As Aldous Huxely once said, “There is only one corner of the universe you can be certain of improving, and that’s your own self.” If you wake up every day with that mindset, the challenges and everyday adversity you face will be conquered and you will truly seize the day.
Taking leaps and strides in the right direction every day begins with your attitude and how you start your day. It is important to find a routine that works for you and is effective. Finding what allows you to start the day off on the right foot is a key to success and enables you to come into the workplace with a positive and open mind. There are many different avenues you can take in regards to starting the day, whether that be going to the gym for a run or enjoying a nice warm cup of coffee.
Another attribute that is a stepping stone for success is setting weekly goals, and quotas you want to meet. For example, at the end of the week, take a sticky note and spend five minutes writing down what you want to accomplish during the upcoming week. Consider having one goal be a stretch, but if accomplished would truly be an outstanding achievement. That way, if you’re not completely awake Monday morning when you come into work, you will have some sort of structure and a sense of direction that will set you up for a productive and successful week. I personally find that when I start the day off by working out or going for a run I am more productive. I run every day before work and really believe that endorphins are the best coffee there is.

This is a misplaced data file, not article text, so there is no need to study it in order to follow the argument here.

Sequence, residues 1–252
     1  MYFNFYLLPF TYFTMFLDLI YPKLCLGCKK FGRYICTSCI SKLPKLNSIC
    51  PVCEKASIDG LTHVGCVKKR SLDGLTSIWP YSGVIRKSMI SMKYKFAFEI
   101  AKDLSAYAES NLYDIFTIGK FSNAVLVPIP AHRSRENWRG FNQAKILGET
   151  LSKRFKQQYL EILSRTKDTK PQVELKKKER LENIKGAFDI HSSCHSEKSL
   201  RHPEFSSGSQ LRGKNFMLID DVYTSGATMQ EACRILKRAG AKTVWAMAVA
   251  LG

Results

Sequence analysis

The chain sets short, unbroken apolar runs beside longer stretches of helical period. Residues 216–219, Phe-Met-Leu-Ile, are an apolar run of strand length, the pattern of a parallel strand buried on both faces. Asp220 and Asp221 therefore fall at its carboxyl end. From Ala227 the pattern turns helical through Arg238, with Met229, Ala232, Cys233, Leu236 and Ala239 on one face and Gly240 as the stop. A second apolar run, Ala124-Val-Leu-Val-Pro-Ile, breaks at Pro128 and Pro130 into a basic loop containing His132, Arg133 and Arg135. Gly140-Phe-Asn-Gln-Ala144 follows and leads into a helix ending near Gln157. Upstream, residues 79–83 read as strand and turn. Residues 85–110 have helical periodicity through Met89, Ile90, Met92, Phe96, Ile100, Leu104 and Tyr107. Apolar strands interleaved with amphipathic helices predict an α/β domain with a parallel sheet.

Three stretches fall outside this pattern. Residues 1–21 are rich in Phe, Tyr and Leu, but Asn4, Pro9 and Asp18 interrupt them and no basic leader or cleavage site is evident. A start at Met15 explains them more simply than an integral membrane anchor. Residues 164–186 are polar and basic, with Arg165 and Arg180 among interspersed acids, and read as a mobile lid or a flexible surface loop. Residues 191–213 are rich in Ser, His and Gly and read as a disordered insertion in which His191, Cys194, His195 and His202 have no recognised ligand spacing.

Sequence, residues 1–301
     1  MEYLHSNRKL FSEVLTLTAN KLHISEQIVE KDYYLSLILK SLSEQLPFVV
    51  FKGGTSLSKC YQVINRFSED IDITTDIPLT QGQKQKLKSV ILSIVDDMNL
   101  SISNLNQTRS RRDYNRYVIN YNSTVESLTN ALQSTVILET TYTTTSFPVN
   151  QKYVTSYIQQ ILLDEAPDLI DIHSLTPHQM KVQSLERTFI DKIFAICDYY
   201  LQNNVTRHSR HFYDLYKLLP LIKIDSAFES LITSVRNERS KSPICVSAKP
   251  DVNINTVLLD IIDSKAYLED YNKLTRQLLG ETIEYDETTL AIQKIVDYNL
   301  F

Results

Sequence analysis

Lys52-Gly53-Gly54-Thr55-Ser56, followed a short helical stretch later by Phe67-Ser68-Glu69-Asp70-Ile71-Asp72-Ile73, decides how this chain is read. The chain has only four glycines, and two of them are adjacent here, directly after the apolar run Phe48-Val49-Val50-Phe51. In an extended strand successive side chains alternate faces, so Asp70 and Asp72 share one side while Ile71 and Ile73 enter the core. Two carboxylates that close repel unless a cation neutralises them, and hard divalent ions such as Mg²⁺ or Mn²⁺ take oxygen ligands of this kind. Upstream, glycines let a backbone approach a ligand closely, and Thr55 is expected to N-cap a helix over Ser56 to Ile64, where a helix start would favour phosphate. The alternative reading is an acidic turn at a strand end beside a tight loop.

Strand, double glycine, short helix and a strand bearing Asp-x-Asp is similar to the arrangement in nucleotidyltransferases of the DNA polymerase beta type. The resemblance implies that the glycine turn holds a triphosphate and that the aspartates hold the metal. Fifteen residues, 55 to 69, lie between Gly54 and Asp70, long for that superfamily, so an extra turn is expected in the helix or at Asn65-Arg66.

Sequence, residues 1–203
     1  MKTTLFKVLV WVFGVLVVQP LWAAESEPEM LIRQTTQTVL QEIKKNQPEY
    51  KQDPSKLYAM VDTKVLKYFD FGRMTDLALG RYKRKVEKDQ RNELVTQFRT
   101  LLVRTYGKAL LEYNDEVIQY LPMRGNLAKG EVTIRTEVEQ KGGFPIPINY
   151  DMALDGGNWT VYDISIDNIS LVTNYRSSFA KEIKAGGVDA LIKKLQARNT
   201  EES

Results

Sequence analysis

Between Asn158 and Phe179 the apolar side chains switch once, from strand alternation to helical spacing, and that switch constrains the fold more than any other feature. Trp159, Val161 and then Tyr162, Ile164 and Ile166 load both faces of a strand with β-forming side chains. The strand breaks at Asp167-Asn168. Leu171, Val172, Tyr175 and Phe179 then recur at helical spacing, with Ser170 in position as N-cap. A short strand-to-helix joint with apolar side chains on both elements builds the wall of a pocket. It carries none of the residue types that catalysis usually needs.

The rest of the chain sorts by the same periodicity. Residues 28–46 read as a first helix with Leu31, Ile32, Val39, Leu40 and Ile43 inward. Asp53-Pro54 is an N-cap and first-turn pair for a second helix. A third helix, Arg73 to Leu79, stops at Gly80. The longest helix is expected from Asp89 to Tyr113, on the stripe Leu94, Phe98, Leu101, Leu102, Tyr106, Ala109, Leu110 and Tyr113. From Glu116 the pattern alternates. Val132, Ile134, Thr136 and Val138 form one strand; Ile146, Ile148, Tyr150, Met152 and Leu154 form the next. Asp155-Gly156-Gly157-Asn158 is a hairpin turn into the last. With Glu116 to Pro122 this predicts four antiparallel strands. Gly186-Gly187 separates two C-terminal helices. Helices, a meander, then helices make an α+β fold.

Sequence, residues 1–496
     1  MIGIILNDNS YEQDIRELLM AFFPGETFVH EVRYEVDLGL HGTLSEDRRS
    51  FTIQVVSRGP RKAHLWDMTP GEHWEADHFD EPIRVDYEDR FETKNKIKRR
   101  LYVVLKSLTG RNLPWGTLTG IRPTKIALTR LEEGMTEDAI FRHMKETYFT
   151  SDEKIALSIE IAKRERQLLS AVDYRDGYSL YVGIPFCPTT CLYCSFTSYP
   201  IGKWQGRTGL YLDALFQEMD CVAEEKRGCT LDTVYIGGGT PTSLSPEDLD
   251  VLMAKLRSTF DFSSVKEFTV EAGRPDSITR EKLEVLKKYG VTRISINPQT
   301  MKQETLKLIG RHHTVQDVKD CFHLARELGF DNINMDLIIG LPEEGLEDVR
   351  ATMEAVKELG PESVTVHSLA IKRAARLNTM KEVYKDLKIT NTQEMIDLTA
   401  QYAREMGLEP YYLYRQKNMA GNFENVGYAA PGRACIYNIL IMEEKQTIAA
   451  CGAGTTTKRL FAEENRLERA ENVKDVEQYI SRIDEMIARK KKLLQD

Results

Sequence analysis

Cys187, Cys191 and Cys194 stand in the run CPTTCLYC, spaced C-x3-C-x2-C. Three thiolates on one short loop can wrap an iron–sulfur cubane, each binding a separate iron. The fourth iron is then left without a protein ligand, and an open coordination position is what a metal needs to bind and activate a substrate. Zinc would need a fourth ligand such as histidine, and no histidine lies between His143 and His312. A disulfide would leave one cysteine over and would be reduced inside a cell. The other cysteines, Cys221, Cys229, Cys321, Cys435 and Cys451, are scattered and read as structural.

It is important to be doing work to generate results — the point of work is not simply work to be busy. If you want to be successful, you need to have purpose and an end goal in mind. Proper planning prevents problems and helps you reach that goal. Preparation and a plan of action will help you succeed at whatever you want to accomplish.
Ryan Barr is a senior majoring in Marketing and Sustainability with a minor in Media Analysis at Arizona State University, in Tempe, AZ. The facet of marketing he enjoys the most is the creative process of coming up with an effective and revenue-generating campaign.